The vast and diverse Northern Cape

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Mike Birch of Hunt the Sun Safaris takes us on a trip through South Africa’s largest province.

Possibly the most underrated hunting destination in South Africa, the Northern Cape offers hunters a wide diversity of species and habitats. Being the largest province in South Africa, yet with the lowest populace, already means that you are on the right path if you yearn for open country with big skies. The Northern Cape is a vast area with large parts being arid and seemingly inhospitable. The people are hardy and genuine, untainted by modern trappings.

  • Click here to see more of the Northern Cape’s people, places and wildlife.

The Kalahari is a well-known hunting destination with its red sand dunes and camel thorn trees, an area renowned for heavy-bodied springbok and herds of gemsbok. The Northern Cape, however, offers so much more than just the Kalahari. The distances in the Northern Cape are huge – many often don’t realise just how much so. To travel from Kimberley to Union’s End, the furthest northern point in the Kgalagadi Park where the Botswana, Namibia and South African borders meet is a distance of almost 1,000km (620 miles) and more than a day’s drive. Port Nolloth on our coastline is again almost 950km (590 miles) in a westerly direction.

Local fisherman in Port Nolloth

The Northern Cape contains six biomes: the Nama Karoo, Succulent Karoo, Savannah, Grassland, Fynbos and Desert Biomes. A biome is an area that is classified according to the plants and animals that live in it. Each biome can also have different ecosystems and vegetation types or groupings. Perhaps it is important to consider that in nature you seldom find distinctive lines separating biomes, and these areas are integrated with often wide transition zones. These zones are dependent on factors such as rainfall, aspect, soil substrate, and elevation. The Kalahari has been well described, and probably needs little introduction, as is the Karoo (part of the Nama Karoo biome) which is also well known. The Richtersveld, Bushmanland and remainder of the Karoo regions that make up the western part of the Northern Cape fall into either the Nama or Succulent karoo, and for the purposes of covering vegetation descriptions will not be discussed widely.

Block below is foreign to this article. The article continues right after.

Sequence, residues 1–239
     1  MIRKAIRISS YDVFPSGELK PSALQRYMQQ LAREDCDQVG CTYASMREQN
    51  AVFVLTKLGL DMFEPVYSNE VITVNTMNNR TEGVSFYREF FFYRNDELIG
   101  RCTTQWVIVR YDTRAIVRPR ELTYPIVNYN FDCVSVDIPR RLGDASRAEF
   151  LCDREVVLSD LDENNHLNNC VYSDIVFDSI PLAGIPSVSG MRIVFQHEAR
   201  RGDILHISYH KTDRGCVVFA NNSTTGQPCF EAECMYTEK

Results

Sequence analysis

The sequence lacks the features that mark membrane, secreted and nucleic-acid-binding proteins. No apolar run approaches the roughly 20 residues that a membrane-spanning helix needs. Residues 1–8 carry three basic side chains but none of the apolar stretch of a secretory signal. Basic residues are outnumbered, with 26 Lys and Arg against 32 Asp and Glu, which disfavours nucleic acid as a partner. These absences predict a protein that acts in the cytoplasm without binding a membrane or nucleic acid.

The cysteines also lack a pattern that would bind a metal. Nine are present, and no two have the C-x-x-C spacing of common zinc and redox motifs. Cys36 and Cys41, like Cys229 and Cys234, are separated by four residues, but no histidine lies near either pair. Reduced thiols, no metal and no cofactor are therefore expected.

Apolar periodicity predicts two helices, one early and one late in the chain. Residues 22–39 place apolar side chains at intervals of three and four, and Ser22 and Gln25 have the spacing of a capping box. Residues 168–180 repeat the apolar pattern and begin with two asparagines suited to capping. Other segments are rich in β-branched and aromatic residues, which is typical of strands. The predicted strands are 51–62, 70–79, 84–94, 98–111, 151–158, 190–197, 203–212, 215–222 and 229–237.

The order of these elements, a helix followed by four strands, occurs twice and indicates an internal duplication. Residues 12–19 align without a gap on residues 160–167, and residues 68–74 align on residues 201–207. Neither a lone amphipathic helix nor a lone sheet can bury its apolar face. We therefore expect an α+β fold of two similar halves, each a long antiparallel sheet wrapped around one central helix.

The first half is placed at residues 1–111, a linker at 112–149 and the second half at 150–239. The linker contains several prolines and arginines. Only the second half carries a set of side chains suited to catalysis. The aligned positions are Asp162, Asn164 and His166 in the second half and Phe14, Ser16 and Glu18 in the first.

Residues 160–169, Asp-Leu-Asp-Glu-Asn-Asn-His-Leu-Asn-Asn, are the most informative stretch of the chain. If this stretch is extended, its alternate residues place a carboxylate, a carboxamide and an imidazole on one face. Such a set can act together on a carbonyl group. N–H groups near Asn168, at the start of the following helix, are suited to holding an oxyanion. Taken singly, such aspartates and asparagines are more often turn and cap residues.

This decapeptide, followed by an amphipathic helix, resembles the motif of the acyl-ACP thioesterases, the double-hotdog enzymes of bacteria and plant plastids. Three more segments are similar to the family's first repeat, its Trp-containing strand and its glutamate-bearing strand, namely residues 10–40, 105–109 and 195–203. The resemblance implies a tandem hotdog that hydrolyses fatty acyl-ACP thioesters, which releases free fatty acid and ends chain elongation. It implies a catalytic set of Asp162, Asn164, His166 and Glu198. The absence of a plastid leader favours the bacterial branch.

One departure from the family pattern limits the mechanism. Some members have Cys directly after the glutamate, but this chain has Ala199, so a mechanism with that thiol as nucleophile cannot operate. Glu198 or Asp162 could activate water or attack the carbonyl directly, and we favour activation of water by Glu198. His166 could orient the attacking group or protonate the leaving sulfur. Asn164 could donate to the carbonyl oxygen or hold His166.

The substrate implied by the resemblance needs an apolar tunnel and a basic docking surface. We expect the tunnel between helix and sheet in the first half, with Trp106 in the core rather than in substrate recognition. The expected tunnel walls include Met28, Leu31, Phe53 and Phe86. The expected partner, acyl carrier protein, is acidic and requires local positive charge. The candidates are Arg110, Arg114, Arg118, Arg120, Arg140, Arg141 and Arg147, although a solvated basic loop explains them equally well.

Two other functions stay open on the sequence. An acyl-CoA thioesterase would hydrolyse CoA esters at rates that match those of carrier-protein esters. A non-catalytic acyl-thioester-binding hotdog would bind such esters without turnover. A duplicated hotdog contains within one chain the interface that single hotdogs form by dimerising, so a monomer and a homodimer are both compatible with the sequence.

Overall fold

• Click here to see people of Northern Cape.
  • Click here to see a typical town street in the Northern Cape.

This, however, does not mean that the areas do not have hunting. On the contrary, the greater part of the Karoo region offers incredible opportunities for hunters. Specialist hunting for scarce species such as klipspringer and the elusive grey rhebok make these areas highly sought-after. However, in this article I will concentrate on the region of Kimberley and its surrounding areas.

Kimberley is famous for it’s Big Hole mine

The area surrounding Kimberley falls largely within the Savannah and Grassland biomes, although some Karoo elements are evident. The landscape consists of wide-open grassy plains with scattered trees and scrubs. Dotted throughout the landscape are inselbergs which are locally known as kopjes. These rocky outcrops provide a unique and diverse array of flora in an otherwise flat landscape.

In areas where the substrate consists of deep red sands, the tall, characteristic camel thorn and umbrella thorn trees dominate, providing that authentic African savannah backdrop. Where the soil become shallower, the bush is denser and short, and the dwarf karroid shrubs that are present provide much-needed nutrition to the antelope.